There’s no such thing as girl gangs.
That’s what I was told over and over again.
I laugh when I think about how people dismiss girls and women as incapable of getting involved with such things. We couldn’t possibly have the mindset, power, or ability to use the level of violence that the male species is known for.
But girl gangs were around for centuries before they were ever called gangs. The word ‘gang’ only became a label for disadvantaged kids who act out due to their socio-economic background in the 1920s.
These days the term girl gang is used too loosely. It’s a way of getting vulnerable kids on TV and exploiting them for a story.
Part 1 of Nicole’s investigation into girl gangs
Their five minutes of fame is over too soon and no one’s interested when they end up in prison a few weeks later.
Its 2018 and all the big news channels are trying to get the story, but when I started this project, no one believed that girl gangs were real. Now everyone in the media wants in on the action. They want to tell the story they haven’t lived.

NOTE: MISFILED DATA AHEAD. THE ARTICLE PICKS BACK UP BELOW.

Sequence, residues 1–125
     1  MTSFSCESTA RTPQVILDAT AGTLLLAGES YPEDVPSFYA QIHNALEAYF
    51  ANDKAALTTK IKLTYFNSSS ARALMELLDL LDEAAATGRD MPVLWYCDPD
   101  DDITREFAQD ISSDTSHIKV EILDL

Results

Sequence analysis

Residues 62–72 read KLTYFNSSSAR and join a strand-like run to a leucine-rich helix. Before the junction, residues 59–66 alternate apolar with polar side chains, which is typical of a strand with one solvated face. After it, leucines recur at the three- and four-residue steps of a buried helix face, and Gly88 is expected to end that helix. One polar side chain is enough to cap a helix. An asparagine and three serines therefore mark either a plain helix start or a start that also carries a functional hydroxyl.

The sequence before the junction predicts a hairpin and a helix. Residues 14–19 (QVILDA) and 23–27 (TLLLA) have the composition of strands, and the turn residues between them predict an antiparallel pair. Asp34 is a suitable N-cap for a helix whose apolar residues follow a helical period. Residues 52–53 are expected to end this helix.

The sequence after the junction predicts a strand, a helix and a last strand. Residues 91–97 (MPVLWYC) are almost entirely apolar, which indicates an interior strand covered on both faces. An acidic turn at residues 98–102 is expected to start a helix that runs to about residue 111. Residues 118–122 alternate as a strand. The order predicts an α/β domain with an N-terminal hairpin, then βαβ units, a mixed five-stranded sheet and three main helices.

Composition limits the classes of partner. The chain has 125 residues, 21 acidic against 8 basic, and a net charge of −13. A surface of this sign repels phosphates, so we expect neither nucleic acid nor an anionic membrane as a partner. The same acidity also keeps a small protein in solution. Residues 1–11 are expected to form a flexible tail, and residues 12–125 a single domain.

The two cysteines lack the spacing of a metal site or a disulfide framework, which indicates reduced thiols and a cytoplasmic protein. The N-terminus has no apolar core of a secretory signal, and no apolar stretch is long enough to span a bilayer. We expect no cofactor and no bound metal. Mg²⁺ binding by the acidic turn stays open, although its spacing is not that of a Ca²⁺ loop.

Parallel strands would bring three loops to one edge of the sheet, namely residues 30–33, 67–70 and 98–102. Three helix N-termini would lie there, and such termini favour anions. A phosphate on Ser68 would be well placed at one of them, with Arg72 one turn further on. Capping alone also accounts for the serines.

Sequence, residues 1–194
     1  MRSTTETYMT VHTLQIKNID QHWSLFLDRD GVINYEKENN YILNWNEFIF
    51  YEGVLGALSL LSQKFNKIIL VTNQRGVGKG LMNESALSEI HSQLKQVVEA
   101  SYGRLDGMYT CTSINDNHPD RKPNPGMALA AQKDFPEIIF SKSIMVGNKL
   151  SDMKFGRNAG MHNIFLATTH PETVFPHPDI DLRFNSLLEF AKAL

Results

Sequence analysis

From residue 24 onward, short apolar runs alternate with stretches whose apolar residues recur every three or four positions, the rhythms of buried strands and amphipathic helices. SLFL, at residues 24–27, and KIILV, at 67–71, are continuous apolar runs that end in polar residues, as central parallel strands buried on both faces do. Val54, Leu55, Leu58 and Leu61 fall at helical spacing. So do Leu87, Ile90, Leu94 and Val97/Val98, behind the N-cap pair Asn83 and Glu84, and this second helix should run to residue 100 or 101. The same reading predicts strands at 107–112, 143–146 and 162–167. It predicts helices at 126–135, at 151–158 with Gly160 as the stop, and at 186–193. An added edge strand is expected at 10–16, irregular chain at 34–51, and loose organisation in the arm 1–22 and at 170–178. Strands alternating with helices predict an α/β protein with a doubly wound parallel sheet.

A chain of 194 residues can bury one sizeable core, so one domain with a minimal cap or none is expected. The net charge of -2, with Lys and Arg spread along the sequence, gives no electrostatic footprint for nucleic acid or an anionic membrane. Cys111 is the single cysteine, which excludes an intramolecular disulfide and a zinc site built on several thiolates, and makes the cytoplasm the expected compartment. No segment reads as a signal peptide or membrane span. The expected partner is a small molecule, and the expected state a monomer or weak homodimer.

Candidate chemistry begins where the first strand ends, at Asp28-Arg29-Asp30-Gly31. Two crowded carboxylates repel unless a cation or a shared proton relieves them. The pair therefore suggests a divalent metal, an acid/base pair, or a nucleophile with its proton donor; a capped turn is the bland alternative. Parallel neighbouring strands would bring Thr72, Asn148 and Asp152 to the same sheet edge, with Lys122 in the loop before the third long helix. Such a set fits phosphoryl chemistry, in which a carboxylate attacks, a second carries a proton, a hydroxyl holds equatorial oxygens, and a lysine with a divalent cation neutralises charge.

It frustrates me that we are quick to watch a documentary that feeds the problem and offers no solution. We simply argue over tax and government spending on prisons from the comfort of our living rooms or through our online avatars.
I was on the streets because I felt that I had no other option. I was 14 and in survival mode.
Day 1, my first flat. Paid for by giving my landlady four bottles white lighting.
Day 2, recruitment. I was in a centre for naughty kids. By the second day there were 4 of us. I started enjoying my glass of power.
Day 3, causing havoc. No parents. No carers. No adults. The world was our oyster, but we where hungry. Rob the local supermarket.
Day 4, realising we only had each other. No gas but we kept warm.
Day 5, nobody really cares. Fuck it mode.
We never called ourselves a gang, we just made a promise to never be sexually sorted, violated or be as weak as our mothers.